Ockert de Villiers.
South African athletics is establishing itself as one of the powerhouses in the world, but has to start wearing its big-boy pants along with the other major codes in the country.

Athletics SA (ASA) was rapped on the knuckles for the second consecutive year at the release of the Eminent Persons Group (EPG) on Transformation in Sport’s status report.

ASA was among four national federations that were banned from bidding and hosting major and mega international tournaments after failing to meet transformation targets.

This week, newly appointed Sports Minister Thulas Nxesi announced netball, rugby and cricket would be allowed to bid to host major international events again.

Athletics were given a reprieve last year when they received special permission to host the African Senior Championships.

ASA’s initial ban was largely due to missing deadlines or not making any submissions at all during the auditing process.

The federation once again failed to provide the data to accurately gauge its progress in terms of transformation and providing equal opportunities to athletes.

“If we look more closely at the data on athletics contained in the EPG report, we see that the problem is that you simply didn’t provide data against a number of categories,” Nxesi said. “This points to a lack of systems and poor structures and governance in the code, and my department will work with you to address these challenges.”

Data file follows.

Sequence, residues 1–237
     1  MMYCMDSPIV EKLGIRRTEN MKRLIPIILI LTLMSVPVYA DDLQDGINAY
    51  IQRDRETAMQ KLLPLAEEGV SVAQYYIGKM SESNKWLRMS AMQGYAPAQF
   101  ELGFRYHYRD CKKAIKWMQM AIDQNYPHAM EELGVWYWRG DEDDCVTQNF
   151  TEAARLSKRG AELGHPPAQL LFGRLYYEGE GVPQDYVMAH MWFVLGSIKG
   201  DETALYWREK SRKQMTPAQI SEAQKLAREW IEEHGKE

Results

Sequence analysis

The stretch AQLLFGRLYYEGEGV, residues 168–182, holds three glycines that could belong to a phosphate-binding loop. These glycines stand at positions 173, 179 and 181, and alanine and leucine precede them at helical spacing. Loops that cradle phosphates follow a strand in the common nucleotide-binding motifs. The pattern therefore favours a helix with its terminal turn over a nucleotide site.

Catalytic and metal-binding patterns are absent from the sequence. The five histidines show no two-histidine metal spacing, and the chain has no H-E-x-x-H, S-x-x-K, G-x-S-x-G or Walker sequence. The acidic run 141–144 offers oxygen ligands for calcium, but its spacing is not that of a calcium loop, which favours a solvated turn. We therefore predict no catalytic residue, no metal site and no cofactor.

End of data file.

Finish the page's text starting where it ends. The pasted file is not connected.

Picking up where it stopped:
The last point is nothing to be proud of, but with latest EPG reports reflecting outdated data, the situation could have changed since.

Caster Semenya won gold at the Rio Olympics, but a lot more can be done to develop athletes in South Africa. Photo: Mike Egerton, PA

Athletics is currently going though a period of renewal as the federation looks to shed the failures of administrations past.

“Athletics SA, you have presented us with a dilemma. Your score against the target you set for yourselves is again less than 50 percent, and yet the department senses that things are improving under new leadership,” Nxesi said.

“Of course you made South Africa proud by the performance of your athletes in Rio.”

The federation once again received a get-out-of-jail-free pass as the Minister pointed out the process was corrective instead of punitive, and it would work with ASA to make changes.

Aligning school athletics with that of the mother body has been an issue over the past few years, with Nxesi highlighting this among the changes that needed to be made.

“I am, therefore, issuing a directive to ASA to directly exercise control over the South African Schools Athletics’ Association (Sasaa), with the intention of strengthening governance accountability alignment and the organisation of competitions and identification of talent,” he said.

Things have already started to change in this regard, and one can only hope improved relationships between ASA and Sasaa will lead to greater successes on the track.

South Africa finished fifth overall on the medal table of the IAAF’s standings out of 207 participating countries at the Rio Olympics, which highlights the nation’s potential.

Saturday Star

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